Take the 2-minute tour ×
MathOverflow is a question and answer site for professional mathematicians. It's 100% free, no registration required.

If $C$ is a smooth elliptic curve and $f: C \to \mathbb P^n$, then $H^1(C,f^*T_{\mathbb P^n}) = 0.$ How do I prove this? The implication is that map from $C$ to $\mathbb P^n$ is unobstructed.

share|improve this question

2 Answers 2

up vote 8 down vote accepted

I am a beginner but here is my attempt:

the Euler sequence on $\mathbb{P}^n$ pulls back to $0 \to O_C \to O_C(1)^{n+1} \to f^*T_{\mathbb{P}^n} \to 0$ and so from the associated long exact sequence we want to show $H^1(O_C(1))=0$ (as $H^2(O_C)=0$ since $\dim C = 1 <2$). Let $D$ be an effective divisor on $C$ so that $O_C(1)=O_C(D)$. By Serre duality we have $H^1(O_C(D))=H^0(O_C(K-D))=0$ because $\deg K-D = \deg -D <0 $ since on elliptic curve $\deg K=0$.

share|improve this answer

In general, for any non-constant morphism $f:C \to \mathbb P^n$, from a $1$-dimensional Cohen-Macaulay (for instance reduced) curve $C$, one has that $$H^1(C,f^*T_{\mathbb P^n}\otimes \omega_C)=0.$$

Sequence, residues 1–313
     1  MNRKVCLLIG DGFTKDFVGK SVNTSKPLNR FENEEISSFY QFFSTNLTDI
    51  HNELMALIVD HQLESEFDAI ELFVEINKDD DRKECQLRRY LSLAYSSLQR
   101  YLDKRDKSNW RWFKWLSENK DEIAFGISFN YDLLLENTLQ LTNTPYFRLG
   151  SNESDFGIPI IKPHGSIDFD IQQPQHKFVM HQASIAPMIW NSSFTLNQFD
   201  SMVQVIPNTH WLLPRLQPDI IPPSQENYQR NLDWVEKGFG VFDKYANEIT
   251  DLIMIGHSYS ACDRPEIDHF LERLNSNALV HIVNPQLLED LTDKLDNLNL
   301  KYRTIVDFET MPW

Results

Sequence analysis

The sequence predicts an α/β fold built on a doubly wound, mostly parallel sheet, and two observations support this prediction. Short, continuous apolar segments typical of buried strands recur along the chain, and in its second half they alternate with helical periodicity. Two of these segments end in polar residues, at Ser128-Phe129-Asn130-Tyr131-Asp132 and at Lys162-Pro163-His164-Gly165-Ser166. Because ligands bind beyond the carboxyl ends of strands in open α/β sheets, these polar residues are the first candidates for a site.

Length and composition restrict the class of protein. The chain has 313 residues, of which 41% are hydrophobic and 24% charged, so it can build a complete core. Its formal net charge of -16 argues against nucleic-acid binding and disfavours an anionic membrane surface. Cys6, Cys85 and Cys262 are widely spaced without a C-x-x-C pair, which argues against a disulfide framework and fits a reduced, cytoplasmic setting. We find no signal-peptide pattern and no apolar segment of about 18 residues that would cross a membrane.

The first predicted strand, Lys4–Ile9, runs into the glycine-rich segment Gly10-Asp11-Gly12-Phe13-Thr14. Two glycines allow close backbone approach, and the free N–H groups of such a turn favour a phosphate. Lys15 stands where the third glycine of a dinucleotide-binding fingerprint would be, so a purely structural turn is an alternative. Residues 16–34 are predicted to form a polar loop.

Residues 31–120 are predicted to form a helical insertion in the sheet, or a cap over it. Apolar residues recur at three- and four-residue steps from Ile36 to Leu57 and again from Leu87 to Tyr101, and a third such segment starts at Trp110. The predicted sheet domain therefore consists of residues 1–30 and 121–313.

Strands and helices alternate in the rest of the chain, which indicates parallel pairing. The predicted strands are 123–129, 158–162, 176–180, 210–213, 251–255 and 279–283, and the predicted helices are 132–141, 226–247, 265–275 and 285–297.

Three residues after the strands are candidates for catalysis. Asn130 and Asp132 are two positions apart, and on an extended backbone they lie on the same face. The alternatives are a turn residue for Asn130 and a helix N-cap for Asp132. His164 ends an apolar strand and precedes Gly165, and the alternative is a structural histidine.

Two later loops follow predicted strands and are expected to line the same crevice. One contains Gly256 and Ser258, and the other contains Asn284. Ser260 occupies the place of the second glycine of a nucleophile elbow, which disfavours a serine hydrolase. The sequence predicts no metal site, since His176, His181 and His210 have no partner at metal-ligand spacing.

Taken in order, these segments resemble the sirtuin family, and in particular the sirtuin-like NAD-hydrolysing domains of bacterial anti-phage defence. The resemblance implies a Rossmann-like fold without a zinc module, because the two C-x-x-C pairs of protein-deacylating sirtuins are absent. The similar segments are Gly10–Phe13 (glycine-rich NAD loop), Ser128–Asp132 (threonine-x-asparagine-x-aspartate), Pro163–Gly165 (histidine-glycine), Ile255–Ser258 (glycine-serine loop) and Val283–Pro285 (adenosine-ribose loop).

Indeed, (as already pointed out by Al e) considering the pull-back of the Euler sequence $$0 \to f^*\mathscr O_{\mathbb P^n} \to f^*\mathscr O_{\mathbb P^n}(1)^{\oplus (n+1)} \to f^*T_{\mathbb{P}^n} \to 0$$ and using the fact that $H^2(C,\mathscr O_C)=0$ automatically by dimension considerations, it is enough to prove that $$H^1(C, f^*\mathscr O_{\mathbb P^n}(1)\otimes \omega_C)=0.$$ By Serre duality this is dual to $H^0(C,f^*\mathscr O_{\mathbb P^n}(-1))$ and since $f$ is non-constant, this is an anti-ample line bundle on $C$ and hence has no global sections.

Remark: One needs the Cohen-Macaulay condition for Serre duality and so that $\omega_C$ is sensible.

share|improve this answer

Your Answer

 
discard

By posting your answer, you agree to the privacy policy and terms of service.

Not the answer you're looking for? Browse other questions tagged or ask your own question.